Remember the mom who wrote to the New York Sun in 2008 about letting her nine year old ride the subway without supervision?
Proving that parenting tips (good or bad) can be monetized, Lenore Skenazy left her son to “figure out” his way home from a NYC mall, securing the outrage of parents everywhere and the eventual endorsement of the Discovery Channel.
With only a metro card, a map, and some cash, her child was left all alone. On the subway. Without a cell phone. He arrived home safe, but this type of parenting is almost unheard of during mommy play-date chatter, let alone splashed on the editorial page of a highly-circulated New York periodical.
“Free-range Kids” sounds a bit like the grass-fed chickens and cows that graze unfettered on the open plains. Certifiably organic, they are leaner and healthier (emotionally and physically) according to Skenazy. After all, she says, “it’s not like we’re living in downtown Baghdad.”
For one, I’m surprised the NYPD didn’t knock down her door along with NY Child Services. Two, I can’t imagine sending my kid into the urban jungle with just some cash, a map and a metro card on a whimsical experiment. But the truth is, there are plenty of kids in the inner city who use public transportation to get to school. I guess that’s not her target market.
Skenazy isn’t really doing anything special except for shocking us with the cultural differences of suburbanites, rural kids and upper-crust urban children. She’s taking a 1960’s approach, when children were expected to walk/bike/ride to school and fend for themselves.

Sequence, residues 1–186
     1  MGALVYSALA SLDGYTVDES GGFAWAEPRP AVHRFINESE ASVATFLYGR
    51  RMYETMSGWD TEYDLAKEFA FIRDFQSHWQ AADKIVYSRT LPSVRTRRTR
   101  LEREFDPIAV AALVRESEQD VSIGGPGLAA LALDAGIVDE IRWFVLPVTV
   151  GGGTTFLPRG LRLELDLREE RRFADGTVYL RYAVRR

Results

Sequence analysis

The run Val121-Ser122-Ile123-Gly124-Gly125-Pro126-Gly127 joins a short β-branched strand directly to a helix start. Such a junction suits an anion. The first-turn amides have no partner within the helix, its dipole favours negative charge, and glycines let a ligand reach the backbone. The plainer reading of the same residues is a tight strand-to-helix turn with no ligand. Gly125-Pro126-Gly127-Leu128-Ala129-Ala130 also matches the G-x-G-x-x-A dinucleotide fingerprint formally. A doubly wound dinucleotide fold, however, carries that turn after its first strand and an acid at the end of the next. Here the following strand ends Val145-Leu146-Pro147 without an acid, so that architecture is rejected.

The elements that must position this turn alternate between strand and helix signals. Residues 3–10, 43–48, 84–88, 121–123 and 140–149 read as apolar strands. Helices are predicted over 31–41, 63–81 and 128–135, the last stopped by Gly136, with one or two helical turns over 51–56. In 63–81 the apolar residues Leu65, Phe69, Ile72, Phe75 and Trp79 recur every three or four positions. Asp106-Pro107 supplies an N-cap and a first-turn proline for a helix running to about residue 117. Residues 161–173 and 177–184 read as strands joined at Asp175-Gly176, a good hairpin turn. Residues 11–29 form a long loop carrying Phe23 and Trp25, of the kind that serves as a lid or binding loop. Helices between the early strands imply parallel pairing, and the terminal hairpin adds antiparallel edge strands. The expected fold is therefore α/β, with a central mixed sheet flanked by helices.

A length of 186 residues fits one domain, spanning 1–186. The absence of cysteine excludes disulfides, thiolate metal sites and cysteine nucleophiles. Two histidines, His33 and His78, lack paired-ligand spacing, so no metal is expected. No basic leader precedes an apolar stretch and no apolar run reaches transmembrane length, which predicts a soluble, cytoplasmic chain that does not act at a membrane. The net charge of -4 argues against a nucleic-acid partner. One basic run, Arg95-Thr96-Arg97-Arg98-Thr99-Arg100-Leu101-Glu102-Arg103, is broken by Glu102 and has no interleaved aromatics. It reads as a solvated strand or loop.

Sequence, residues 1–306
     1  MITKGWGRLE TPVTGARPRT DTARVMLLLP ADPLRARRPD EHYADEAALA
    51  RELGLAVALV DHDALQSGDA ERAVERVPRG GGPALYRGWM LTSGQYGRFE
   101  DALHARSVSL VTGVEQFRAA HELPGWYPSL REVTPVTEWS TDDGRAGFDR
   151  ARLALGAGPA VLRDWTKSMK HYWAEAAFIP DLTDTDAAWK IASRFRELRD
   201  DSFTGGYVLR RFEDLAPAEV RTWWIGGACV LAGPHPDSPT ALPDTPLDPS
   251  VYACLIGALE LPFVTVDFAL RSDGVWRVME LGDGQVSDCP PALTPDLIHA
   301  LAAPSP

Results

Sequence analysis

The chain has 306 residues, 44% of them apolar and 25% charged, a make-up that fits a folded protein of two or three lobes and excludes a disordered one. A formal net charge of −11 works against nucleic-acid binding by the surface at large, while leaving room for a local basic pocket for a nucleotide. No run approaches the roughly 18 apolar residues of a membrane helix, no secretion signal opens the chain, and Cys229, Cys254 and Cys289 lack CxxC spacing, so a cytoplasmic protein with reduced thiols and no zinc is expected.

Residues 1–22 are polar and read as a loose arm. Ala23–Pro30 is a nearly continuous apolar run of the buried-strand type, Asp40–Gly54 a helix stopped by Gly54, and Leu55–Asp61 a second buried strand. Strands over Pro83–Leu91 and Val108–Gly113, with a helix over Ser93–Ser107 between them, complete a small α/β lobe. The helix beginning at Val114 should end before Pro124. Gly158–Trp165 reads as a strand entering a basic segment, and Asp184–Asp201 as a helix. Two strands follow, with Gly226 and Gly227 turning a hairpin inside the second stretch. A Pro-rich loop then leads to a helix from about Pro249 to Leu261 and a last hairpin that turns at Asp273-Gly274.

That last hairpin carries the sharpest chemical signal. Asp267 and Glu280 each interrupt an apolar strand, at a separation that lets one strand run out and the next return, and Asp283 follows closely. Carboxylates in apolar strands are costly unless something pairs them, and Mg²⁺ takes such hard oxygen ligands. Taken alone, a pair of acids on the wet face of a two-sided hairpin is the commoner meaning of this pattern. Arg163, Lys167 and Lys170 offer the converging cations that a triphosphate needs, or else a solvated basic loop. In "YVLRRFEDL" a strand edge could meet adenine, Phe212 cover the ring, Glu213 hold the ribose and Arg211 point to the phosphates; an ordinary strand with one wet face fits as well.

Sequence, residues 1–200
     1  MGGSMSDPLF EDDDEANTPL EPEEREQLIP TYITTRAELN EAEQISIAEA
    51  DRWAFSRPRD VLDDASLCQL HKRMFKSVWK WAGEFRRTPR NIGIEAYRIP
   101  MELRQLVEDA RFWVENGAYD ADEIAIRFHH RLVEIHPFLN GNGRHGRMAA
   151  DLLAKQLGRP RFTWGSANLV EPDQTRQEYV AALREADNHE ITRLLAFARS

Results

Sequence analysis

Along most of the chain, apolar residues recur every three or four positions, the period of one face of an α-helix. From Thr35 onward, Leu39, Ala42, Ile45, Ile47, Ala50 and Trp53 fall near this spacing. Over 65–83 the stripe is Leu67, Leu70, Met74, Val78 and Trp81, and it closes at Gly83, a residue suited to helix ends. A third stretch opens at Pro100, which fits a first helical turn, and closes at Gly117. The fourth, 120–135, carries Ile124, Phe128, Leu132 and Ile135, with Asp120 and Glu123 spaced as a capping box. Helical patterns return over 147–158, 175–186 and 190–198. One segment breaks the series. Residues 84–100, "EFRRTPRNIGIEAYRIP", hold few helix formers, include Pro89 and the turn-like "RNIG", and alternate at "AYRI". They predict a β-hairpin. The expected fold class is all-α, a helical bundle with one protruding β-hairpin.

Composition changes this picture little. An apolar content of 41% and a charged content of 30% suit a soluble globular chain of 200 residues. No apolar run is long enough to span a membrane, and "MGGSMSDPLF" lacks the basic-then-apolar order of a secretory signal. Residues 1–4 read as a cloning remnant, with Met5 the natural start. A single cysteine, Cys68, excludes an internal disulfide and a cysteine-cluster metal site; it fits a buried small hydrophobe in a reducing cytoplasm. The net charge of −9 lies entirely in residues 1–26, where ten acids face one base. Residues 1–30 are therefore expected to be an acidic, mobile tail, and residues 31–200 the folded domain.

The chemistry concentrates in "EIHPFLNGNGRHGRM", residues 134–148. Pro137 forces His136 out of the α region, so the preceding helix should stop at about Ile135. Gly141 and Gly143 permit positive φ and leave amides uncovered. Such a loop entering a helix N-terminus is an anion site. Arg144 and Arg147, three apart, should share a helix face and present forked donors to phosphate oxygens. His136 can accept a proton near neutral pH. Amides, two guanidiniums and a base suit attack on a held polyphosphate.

Good idea in theory. You might run into problems in practice:
1.) Her method sounds extreme because it is.
I think any extreme is a bad idea when it comes to parenting. With all things, balance is the best medicine. Sending your pre-pre teen on a solo subway trip to fend for himself? Kind of a bad idea. Maybe waiting until he’s 12 and you’ve chartered a path with him beforehand, a slightly better alternative. I think a good way for parents to strike this balance is by riding with their children to places early and often. Then, when mental maturity and trust has settled in, taking that next step. Jumping “all in” was the shocking part, not the fact that a child was riding the subway alone in New York- something that kids in that city are seen doing daily. It’s part of the culture.
2.) Not all places for “free-range kids” are created equal.
Skenazy down-plays the violent crime rate by using the statistics of U.S. as a whole. She doesn’t really dive into the most violent areas of Detroit, St. Louis, Oakland, etc. This is misleading. Sending your kid on a subway tour from 34th St. in Manhattan, New York is polar opposite from dropping him off in the gang lands of Oakland, California. Not everyone can adopt this sunny take on parenting.
3.) Accountability is the solution, not hover-craft counseling.
Her whole model is really for the hover-craft parents, not the kids. She provides small-step tools for parents to relax the reigns a bit and let kids be kids. Thankfully the parents and the children are pretty well adjusted. Accountability is already woven into their familial fabric. She believes that if you give your children the opportunity, they will rise to the occasion. Hmmmm…nice thought for an emotionally and mentally mature pre-teen. I think that’s putting the cart-before-the-horse. Providing opportunity doesn’t mean by-proxy accountability. Your kid might surprise you OR he/she might have a mental breakdown in front of the metro map. Holding children accountable for the actions first then letting them rise to the occasion seems to be a more measured approach to extreme “sink-or-swim” parenting advice.
I’m totally bought into “free-range kids” when it comes to creativity and freedom of speech/expression.
Am I going to drop Andrew off at a bus stop in Anacostia, D.C. on his ninth birthday?